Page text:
Chainplate Knee Replacement and Material

Discussion in 'Sailboats' started by SVQuestofPaget, Jan 11, 2022.

  1. SVQuestofPaget
    Joined: Apr 2021
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    Location: Boston, MA

    SVQuestofPaget New Member

    Hey Folks - Longtime reader and first time poster here - I'm not sure if this question should be posted here or in Boat design, but here goes! I've been restoring a 39ft Frers custom sloop, his first commission after leaving S&S in 1969. Hull design is very similar to an S&S Swan 40, though lighter displacement at 16,300lbs, and with 670sqft of sail area. The boat and sistership were built by Frans Maas in just three months to be ready for the Admiral's cup series, and many of the period-acceptable construction methods that were employed at the time have now become issues.

    I'm currently considering the chainplates, which consist of a 5mm stainless gusset and 8mm welded lug, glassed into the hull via three long welded tabs. The area of the hull has had no visible moisture damage, though water has leaked down the lug (which penetrates through the deck) for decades. The deck rotted in this area from water intrusion, though the hull shelf appears quite solid. My concern is the inability to inspect where the chainplate pierces the deck and shelf, and that they're over 50 years old and have never been serviced or replaced. A few incisions in the shelf adjacent to the lugs have revealed minor staining of the metal, with some stubborn areas that don't appear to clean up with scrubbing - crevice corrosion? Fatigue? Can't say without removing, and I don't want to trust them as they are.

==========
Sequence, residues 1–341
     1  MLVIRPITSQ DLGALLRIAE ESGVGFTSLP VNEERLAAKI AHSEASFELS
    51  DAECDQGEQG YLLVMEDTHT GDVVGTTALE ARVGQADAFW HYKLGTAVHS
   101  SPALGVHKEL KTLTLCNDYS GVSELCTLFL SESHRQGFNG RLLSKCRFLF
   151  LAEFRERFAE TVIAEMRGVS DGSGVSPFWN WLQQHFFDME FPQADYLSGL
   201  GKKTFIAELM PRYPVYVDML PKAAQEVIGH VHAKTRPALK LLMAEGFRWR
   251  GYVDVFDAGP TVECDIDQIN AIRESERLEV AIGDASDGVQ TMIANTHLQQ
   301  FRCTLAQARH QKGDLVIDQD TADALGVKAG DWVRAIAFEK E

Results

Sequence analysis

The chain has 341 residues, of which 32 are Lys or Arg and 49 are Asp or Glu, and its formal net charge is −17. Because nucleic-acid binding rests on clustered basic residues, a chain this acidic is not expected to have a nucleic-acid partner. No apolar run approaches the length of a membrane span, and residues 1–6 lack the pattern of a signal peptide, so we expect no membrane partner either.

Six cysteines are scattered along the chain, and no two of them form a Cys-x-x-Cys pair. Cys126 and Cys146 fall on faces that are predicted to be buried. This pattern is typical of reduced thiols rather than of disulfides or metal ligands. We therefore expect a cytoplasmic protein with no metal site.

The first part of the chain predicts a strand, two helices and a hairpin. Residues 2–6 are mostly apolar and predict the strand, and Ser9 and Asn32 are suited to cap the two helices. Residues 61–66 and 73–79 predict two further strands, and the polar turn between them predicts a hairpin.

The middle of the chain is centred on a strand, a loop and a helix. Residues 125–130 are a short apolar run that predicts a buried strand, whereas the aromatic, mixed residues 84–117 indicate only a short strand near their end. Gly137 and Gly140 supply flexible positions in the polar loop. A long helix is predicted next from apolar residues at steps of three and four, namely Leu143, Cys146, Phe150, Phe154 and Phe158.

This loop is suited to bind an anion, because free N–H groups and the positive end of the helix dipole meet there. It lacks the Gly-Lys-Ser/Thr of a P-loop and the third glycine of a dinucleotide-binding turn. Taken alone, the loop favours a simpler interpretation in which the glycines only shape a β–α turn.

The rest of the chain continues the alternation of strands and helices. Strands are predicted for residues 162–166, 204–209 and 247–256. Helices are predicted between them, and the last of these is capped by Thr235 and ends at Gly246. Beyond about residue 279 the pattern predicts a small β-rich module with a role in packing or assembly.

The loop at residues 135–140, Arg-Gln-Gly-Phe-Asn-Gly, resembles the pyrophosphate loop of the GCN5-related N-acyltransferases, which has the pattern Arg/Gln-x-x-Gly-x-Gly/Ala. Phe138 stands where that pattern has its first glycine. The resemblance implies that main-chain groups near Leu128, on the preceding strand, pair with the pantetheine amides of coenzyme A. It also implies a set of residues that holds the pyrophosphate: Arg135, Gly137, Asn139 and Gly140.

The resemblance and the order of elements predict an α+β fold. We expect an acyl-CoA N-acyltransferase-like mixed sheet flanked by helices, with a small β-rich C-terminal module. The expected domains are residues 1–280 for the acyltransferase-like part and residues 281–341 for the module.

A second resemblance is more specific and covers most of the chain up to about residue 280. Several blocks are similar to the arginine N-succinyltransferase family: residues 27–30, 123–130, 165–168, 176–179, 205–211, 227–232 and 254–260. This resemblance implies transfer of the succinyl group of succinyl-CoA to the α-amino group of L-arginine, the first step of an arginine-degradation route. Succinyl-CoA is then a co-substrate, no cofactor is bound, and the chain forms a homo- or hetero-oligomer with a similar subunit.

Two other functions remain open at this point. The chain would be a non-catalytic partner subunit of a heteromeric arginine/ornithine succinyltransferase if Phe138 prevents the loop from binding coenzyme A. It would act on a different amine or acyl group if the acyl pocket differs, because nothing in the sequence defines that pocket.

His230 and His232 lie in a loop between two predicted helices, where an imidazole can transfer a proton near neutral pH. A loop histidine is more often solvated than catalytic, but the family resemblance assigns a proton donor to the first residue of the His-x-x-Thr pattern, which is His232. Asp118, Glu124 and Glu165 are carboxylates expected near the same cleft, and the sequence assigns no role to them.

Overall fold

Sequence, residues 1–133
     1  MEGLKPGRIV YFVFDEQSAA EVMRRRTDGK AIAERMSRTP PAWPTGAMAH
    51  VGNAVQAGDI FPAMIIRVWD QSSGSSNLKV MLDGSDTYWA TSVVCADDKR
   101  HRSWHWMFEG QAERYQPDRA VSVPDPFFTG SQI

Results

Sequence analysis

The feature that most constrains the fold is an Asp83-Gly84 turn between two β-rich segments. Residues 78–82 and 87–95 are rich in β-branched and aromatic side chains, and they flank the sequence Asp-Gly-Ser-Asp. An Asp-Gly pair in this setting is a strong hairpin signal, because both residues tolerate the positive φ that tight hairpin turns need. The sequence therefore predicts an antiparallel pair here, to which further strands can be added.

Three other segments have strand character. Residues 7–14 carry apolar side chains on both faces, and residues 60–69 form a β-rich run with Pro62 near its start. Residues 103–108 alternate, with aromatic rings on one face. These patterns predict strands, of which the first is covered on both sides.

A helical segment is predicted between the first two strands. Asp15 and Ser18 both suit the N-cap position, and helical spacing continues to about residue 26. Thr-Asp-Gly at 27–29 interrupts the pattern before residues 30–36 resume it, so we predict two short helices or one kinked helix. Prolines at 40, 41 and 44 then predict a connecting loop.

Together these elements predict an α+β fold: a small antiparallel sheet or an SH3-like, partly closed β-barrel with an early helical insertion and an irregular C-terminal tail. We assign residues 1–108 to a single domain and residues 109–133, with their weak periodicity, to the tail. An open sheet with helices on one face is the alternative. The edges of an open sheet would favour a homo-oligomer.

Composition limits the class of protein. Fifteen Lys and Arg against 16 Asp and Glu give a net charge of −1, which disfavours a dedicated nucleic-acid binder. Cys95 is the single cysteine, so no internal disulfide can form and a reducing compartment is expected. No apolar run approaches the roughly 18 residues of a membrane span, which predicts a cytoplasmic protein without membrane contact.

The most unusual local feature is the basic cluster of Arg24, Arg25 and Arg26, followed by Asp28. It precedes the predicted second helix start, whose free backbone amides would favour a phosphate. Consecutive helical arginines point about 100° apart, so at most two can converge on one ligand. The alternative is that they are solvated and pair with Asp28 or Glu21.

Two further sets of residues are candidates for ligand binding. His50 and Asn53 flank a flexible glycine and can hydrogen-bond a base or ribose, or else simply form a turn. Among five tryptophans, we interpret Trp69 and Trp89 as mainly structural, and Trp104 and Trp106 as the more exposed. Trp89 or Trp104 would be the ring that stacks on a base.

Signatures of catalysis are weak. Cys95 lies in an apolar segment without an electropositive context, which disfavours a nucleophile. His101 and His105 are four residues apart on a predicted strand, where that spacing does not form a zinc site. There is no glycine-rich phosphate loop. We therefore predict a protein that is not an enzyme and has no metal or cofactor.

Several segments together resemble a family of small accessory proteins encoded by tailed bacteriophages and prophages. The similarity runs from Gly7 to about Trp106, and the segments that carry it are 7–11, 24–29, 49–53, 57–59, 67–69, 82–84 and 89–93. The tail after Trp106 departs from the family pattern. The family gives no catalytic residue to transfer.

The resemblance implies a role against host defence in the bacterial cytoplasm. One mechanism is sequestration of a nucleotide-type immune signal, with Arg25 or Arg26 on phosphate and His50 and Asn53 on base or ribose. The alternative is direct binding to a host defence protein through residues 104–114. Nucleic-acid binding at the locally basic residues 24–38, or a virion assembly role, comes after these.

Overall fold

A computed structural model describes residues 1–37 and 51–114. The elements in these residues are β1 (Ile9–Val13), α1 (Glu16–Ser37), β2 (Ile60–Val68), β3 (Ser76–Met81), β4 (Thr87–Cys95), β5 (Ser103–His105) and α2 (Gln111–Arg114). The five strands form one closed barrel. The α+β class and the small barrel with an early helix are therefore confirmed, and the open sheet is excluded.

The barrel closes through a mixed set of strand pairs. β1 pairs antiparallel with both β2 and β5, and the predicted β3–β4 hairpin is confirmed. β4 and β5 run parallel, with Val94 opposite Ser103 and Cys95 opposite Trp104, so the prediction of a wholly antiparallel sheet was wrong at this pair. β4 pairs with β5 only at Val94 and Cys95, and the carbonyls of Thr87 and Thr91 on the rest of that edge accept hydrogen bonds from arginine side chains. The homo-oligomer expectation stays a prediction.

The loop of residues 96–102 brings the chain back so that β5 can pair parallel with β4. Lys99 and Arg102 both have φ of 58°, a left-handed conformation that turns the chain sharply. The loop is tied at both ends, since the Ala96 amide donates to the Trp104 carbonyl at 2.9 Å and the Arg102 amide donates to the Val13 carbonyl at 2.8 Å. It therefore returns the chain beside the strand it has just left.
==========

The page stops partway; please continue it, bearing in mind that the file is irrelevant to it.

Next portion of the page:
In anticipation of long distance sailing and bringing peace of mind, I'd like to address the old chainplate lugs in one of two ways. The first option would be to cut the existing lug at the hull flange, and drill the 5mm plate to receive new chainplate lugs. I don't look forward to drilling 1/2" holes through the stainless gusset, but it would be the simplest way to install new lugs - the gusset and glassed tabbing is dry w/ no delamination or rust evident.

    The more thorough option is to remove the stainless frames entirely and glass in new composite knees in their place, through which a standard stainless chainplate lug would be through bolted. In this case, I've drawn the knee to be longer and wider for greater surface area against the hull. What to use as a base material for the knee? G10, Plywood w/ epoxy anulus for each bolt, Coosa? According to the blueprints, the hull is solid glass with extra laminations in the way of the chainplates.

    I'm not an engineer or designer, but prefer to work along the adage of "nothing too strong ever broke". I'm looking for input from engineers or designers on the forum as to the validity of either of these solutions, as well as preference on base/core material for the composite knee. I'm also very happy to pay an engineer or designer for their time and assistance if anyone wants to message me directly.

    Thank you in advance!
    -Eric

    Quest of Paget, Login • Instagram https://www.instagram.com/sv_questofpaget/

    New Chainplate Design, A.jpg Chainplate Original A.jpg Chainplate Lug 2.jpg
     
  2. gonzo
    Joined: Aug 2002
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    Location: Milwaukee, WI

    gonzo Senior Member

    Too strong can be an issue by creating stress risers. A too rigid structure member may cause other parts to fail. Why don't you send German an email and ask about it. He designed it after all.